We filed off that bit of hoof that was cracked, to check it out, and so Bo could show me what it was. Solomon is due for a trim pretty soon. We found that the crack wasn't deep, but that there was also some old bruising under there.



See the purple on the yellow part of the hoof in the back? It's along the crack AND near the bottom of the hoof.



So today his lesson "undersaddle" was bareback and short. Today we decided to see how he would handle backing up.

First, we put something new on him. We're still trying different things out. When Sol gets upset he tends to gape and chomp a whole lot, so today we tried a Western version of a noseband. Here you can see Bo demonstrating the "two finger" rule. You want two fingers of space at the bottom, both so you know the horse can easily breathe, and so you can get the bit in his mouth afterwards!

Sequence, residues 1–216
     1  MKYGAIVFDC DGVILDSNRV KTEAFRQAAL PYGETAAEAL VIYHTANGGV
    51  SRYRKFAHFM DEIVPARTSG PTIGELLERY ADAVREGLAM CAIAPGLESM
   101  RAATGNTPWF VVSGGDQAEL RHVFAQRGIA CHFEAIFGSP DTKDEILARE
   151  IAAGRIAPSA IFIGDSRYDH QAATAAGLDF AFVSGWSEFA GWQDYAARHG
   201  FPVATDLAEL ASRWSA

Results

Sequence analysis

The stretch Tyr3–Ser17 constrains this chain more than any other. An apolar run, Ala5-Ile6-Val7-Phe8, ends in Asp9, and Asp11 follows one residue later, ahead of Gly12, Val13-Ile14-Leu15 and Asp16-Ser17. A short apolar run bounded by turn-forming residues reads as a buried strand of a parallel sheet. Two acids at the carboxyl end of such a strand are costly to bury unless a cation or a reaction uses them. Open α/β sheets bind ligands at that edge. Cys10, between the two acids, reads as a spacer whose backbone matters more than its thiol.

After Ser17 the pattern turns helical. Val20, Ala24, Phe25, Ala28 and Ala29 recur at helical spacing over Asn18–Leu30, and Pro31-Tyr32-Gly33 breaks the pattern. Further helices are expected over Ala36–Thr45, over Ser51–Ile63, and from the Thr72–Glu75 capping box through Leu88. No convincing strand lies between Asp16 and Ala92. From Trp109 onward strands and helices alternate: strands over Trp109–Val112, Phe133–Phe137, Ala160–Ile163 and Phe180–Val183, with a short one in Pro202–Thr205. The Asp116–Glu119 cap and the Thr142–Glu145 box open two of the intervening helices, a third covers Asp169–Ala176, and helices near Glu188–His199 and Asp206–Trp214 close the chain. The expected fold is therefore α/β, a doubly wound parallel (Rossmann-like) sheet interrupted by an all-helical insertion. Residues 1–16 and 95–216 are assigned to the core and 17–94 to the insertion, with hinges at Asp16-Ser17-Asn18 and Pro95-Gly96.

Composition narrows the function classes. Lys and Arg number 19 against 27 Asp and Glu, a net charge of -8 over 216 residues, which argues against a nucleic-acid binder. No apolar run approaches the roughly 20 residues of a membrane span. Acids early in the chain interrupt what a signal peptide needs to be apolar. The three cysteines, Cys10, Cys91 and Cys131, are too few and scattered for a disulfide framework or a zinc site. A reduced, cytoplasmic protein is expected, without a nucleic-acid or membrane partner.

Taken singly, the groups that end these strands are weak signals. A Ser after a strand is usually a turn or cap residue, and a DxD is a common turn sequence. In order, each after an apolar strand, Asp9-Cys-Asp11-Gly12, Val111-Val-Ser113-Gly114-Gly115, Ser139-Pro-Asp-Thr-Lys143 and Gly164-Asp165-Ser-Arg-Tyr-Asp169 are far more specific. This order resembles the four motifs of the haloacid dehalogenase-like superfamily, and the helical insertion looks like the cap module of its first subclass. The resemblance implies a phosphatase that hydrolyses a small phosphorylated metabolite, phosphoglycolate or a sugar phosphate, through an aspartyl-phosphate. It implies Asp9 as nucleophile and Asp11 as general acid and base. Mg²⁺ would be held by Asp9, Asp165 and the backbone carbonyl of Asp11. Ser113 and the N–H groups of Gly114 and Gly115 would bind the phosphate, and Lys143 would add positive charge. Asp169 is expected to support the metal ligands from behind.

Solly was unimpressed.

Next was the bridle. I put it in his mouth today. I put molasses on the bit, which Solomon readily took in his mouth. We adjusted it so it wasn't pulling too hard on the corners of his mouth, but so it was high enough for him to pack easily with his tongue. Then I held out my fingers, which had molasses on them. Solomon dutifully licked every last sticky bit off, even between each finger. What an altruist!

Generally Solomon responds pretty well to this bit. He does not ignore it like the snaffle. Maybe at some point we'll go back to the snaffle, though I actually am not really sure he likes it.